An electroencephalogram (EEG), also called a brain wave test, is a diagnostic test which measures the electrical activity of the brain (brain waves) using highly sensitive recording equipment attached to the scalp by fine electrodes.
Electroencephalogram (EEG): Electrodes (small, sticky metal patches attached to the scalp) are connected by wires (leads) to an electroencephalograph machine to chart the brain's continuous electrical activity.
Some electrophysiological tests are the auditory brainstem response (ABR) test, auditory steady-state response (ASSR) testing, electroencephalic audiometry (EEG) test, and otoacoustic emission testing (OAE).
By measuring brainwave activity and teaching the AD/HD patient which type of brainwave is associated with attention, EEG biofeedback attempts to train patients to generate the desired brainwave activity.
Because of the benign nature of the simple febrile seizure, tests such as computed tomography (CT) scans, magnetic resonance imaging (MRI), or electroencephalogram (EEG) are not usually recommended.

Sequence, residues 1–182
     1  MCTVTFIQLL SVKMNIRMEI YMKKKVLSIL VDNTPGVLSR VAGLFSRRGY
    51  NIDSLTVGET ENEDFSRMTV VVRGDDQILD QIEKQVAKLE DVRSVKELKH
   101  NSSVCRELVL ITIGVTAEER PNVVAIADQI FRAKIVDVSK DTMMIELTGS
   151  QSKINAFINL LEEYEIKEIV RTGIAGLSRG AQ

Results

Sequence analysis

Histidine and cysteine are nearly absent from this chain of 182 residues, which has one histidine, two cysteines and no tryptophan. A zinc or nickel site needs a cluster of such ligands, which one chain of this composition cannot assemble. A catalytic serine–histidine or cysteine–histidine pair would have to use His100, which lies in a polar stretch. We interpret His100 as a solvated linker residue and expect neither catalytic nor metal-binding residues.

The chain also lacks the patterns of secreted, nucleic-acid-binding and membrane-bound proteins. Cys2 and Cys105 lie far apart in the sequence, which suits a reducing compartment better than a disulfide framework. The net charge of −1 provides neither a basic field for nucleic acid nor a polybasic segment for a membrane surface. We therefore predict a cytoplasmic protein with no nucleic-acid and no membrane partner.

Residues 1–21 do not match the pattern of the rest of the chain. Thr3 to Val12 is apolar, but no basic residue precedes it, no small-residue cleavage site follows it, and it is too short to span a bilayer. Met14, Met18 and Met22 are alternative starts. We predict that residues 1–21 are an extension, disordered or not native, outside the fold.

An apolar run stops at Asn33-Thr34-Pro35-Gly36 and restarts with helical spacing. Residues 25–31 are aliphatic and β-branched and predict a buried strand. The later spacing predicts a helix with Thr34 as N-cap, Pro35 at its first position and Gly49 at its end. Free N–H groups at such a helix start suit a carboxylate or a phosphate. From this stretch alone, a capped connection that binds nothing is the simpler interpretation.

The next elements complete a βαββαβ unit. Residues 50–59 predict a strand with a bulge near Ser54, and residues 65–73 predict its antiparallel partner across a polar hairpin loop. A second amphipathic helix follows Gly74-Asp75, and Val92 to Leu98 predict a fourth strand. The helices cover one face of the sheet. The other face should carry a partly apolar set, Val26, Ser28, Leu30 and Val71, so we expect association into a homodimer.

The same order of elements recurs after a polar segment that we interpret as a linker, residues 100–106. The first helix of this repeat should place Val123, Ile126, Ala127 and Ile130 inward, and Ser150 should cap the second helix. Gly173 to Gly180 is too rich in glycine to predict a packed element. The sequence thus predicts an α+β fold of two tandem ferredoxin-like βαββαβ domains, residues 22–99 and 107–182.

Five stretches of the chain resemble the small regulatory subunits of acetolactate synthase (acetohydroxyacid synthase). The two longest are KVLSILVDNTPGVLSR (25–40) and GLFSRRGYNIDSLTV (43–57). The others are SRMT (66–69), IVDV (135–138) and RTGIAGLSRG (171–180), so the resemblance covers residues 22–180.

In the case of mild head injury or postconcussion syndrome, CT and MRI scans, electroencephalograms (EEG), and routine neurological evaluations all may be normal because the damage is so subtle.
Using EEG technology, the same technology that reads your brain waves for diagnostic purposes, the Mindflex game is able to read your brainwaves and use them to control a fan inside a console.
NeuroSky, a 12-employee company in California founded in 1999, is using EEG waves (electroencephalography) to measure the brain's electrical activity through electrodes placed on the scalp.
The healthcare provider could also be asked to limit the number of strangers entering and leaving the room during the EEG procedure, since they can raise the patient's anxiety level.
The patient may also be asked to do certain things during the EEG recording, such as breathing deeply and rapidly for several minutes or looking at a bright flickering light.